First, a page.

Why Target-Date Funds Require More Vigilance

Costs are falling but advice for plan sponsors is getting more complicated.

(Illustration by RIA Intel)

(Illustration by RIA Intel)

Target-date funds, the all-in-one solution intended to simplify investing for retirement, shook up the industry long ago. But they are undergoing significant changes and financial advisors should pay close attention.

An increasing number of employees are being automatically enrolled in company retirement plans and their money is often allocated to target-date funds. The rate of expansion is finite, but target-date funds are likely to continue to grow in the future, according to a report by Cerulli Associates.

Target-date strategy assets totaled more than $1.7 trillion at the end of 2018 – $1.1 trillion in mutual funds and approximately $660 billion in collective investment trusts, or CITs, according to Morningstar’s 2019 Target-Date Fund Landscape report.

That landscape is changing in more ways than one. Target-date CITs attracted approximately $30 billion last year while target-date mutual fund assets declined roughly $20 billion. It was the first time target-date mutual fund assets declined since 2008, according to Morningstar.

Cerulli expects that trend and others to continue.

The advent of CITs has also delivered more flexibility, lower fees, and a reduced regulatory burden compared to mutual funds. In turn, retirement plan consultants, and financial advisors who generally manage smaller plans, are looking to CITs. Some examples include incorporating a transition to managed accounts, blending active and passive strategies, and creating white-labeled, open architecture products, Cerulli said.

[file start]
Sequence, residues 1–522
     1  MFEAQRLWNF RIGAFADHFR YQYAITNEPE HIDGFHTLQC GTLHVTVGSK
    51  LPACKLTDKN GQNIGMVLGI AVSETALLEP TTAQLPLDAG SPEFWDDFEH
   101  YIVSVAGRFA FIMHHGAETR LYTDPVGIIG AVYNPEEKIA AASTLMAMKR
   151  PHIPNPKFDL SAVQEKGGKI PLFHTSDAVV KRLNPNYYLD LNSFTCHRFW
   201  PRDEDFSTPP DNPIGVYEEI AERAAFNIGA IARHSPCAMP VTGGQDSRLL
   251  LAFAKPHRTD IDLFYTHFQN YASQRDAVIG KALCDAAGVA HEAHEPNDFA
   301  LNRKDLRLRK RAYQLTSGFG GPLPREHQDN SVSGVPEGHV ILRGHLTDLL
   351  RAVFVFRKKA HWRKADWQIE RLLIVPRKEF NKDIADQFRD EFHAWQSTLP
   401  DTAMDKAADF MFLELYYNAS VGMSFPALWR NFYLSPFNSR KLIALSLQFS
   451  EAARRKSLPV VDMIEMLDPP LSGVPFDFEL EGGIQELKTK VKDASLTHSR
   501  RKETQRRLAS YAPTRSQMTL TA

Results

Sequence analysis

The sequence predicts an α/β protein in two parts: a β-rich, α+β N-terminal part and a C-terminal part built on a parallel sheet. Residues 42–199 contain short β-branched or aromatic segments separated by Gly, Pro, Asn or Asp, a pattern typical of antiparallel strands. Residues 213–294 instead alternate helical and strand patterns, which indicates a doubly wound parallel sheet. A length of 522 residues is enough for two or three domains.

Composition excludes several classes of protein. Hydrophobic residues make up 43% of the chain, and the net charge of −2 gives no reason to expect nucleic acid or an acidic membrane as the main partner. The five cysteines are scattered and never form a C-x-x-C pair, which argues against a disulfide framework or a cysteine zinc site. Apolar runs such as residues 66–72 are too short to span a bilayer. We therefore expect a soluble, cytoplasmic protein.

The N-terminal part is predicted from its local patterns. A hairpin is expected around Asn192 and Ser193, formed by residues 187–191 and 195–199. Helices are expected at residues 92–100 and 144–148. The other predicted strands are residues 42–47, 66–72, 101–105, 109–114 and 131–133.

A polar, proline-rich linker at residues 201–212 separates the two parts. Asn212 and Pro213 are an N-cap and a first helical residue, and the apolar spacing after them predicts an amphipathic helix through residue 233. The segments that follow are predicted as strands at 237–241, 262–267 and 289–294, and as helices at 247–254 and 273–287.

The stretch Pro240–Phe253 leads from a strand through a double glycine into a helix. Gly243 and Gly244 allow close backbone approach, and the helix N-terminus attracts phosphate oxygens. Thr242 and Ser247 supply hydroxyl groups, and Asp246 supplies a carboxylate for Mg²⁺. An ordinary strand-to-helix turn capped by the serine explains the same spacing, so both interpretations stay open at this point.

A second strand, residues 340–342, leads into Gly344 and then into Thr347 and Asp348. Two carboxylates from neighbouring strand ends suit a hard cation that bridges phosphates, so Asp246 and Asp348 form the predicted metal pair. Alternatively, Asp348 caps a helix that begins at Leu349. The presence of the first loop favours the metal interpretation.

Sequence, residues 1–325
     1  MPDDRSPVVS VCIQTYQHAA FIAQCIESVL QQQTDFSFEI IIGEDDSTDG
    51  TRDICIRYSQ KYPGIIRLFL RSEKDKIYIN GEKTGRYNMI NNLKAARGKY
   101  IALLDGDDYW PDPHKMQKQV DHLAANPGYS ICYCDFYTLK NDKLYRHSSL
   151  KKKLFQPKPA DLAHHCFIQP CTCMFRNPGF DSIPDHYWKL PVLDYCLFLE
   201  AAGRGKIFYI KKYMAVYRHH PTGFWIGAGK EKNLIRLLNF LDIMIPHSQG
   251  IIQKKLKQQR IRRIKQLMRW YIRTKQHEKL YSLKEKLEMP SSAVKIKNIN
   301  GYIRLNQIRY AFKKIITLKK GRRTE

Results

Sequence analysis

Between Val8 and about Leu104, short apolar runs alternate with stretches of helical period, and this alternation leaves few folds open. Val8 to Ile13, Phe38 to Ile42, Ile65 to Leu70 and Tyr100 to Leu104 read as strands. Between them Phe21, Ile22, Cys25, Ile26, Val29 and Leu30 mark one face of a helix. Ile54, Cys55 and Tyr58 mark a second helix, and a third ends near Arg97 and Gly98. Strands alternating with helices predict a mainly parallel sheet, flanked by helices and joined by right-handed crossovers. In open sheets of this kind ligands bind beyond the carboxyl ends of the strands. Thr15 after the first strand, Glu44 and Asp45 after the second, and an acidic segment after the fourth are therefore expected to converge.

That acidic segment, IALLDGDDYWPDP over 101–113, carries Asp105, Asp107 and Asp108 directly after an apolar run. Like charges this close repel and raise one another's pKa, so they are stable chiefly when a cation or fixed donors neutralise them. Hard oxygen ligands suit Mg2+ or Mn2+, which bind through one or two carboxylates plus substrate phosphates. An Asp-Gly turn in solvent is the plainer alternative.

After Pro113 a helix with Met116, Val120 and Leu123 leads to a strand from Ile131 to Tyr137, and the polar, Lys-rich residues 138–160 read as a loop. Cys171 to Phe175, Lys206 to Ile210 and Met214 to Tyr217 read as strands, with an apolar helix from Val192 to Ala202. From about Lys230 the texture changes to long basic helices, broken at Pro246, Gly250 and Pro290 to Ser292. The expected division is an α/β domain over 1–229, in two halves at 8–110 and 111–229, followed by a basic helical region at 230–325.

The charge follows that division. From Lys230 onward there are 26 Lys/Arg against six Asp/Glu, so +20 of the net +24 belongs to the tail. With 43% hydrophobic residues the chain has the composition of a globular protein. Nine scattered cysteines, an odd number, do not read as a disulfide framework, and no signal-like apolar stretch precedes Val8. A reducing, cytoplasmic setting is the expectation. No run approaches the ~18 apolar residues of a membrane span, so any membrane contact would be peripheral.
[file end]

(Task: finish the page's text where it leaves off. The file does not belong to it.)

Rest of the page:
But those changes coming to more defined contribution plans also demand more expertise. CIT minimums might be lower, making the customization more available to more plans, but advisors considering them may only dabble in the space.

The evolution is an absolute improvement overall, said Nicholas Olesen, the director of private wealth at Kathmere Capital Management, a King of Prussia, Penn.-based RIA that manages over $1.1 billion (about $450mm in private wealth and $650mm in retirement plan services).

Still, some advisors might need to decide, in blunt terms, if they are in or out when it comes to defined contribution plans.

“This is becoming more complicated and if you are, as an advisor, being paid to give advice on the plan, you have to develop your skill set. It’s a lot more complicated and there are a lot more moving parts than there have been in the past,” Olesen said.

It’s more than just saving costs, too. Advisors who are fiduciaries to plans need to be subject matter experts capable of critiquing glide paths and other analysis to compare target-date funds, Anya Krymkowski, an associate director at Cerulli, said.

Solely focusing on fund costs in retirement plans is a narrow view with a potential pitfall, Jeff Holt, director of multi-asset and alternative strategies research for Morningstar, told RIA Intel. “There’s no such thing as a passively managed series of target-date funds, even if they only invest in index funds,” he said.

“Each target-date manager makes active decisions when designing a glide path and selecting asset classes, and there’s still material differences in portfolios between series. There’s really no easy way out when it comes to evaluating and selecting a series of target-date funds. The investment team and process must be considered.”

Related Articles